Eye For Film >> Movies >> Acasa, My Home (2020) Film Review
Acasa, My Home
Reviewed by: Amber Wilkinson
Radu Ciorniciuc's debut documentary immerses us in the lives of the members of the Enache family - dad Gica, his wife and their nine children - who spent almost two decades living in the Bucharest Delta. This abandoned reservoir on the very fringe of Bucharest is a wild space and it is where we meet the children, also seen enjoying a pretty wild time, fishing and generally tumbling about as their days stretch ahead of them.
Their home is a shack where animals are just about as free to roam as the youngsters but the family operate as a tight unit, heading out to a hiding place every time there is a suggestion that social services might be coming for the kids. Change is coming, however, as the city converts the space to a nature reserve and moves the family to the city and what follows is an observational consideration of how this affects the family.
Ciorniciuc takes a non-judgemental and non-intervention approach to the family's lives, quietly observing them in moments of happiness but also capturing them at times of crisis. The decision to cut themselves off was evidently Gica's - "I moved here because of this wicked civilisation," he says, later burning books the children have been given as presents. The move brings with it a juggernaut of new experience - the freedom of nature may have been sacrificed, but the children, as they start school enjoy, perhaps, a liberation of a different sort, as they are free to embrace new identities. The documentary, in particular, considers the relationship between the parents and the family's eldest son Vali, who turns 18 during the three years of filming, showing how his hopes and expectations shift dramatically once the family move.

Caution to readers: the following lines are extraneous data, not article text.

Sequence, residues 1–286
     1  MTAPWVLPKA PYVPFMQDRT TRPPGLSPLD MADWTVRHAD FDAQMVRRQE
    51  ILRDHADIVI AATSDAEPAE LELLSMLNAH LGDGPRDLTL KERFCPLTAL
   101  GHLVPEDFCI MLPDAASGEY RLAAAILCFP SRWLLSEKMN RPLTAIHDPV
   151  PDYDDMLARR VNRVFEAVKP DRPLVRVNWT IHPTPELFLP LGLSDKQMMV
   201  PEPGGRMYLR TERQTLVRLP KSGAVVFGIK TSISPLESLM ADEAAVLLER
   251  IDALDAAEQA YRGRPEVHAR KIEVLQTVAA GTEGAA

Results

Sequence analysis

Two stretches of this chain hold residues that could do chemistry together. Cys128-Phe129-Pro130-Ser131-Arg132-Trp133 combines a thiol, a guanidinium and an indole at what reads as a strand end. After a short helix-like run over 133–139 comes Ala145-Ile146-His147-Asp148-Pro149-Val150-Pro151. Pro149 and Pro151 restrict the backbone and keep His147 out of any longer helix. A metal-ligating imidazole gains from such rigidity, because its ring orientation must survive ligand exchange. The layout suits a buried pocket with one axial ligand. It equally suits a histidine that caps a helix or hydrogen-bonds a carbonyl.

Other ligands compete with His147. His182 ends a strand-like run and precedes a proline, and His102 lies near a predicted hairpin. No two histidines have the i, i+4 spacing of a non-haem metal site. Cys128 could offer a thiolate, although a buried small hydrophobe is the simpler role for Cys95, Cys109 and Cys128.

The documentarian - who has a background in investigative journalism - evidently developed a strong bond with the family, who never seem to acknowledge the camera, even though, as they leave the Delta they are seen talking more directly, and rather shyly, to other reporters. Ciorniciuc maintains an admirable ambivalence about the situation, showing both the good and bad aspects of the family's rural existence as well as the positives and negatives of city life. He acknowledges those who are trying to help the family - including a social worker who stands up for their rights - while also showing the discrimination they face at the hands of others, including a particularly obnoxious neighbour and heavy-handed police.
This verite film sits alongside Alexander Nanau's 2014 Toto And His Sisters as an unvarnished snapshot of life in modern Romania - an intimate consideration of life on the fringes and the way our environment shapes us, whether we want it to or not.Reviewed on: 14 Feb 2020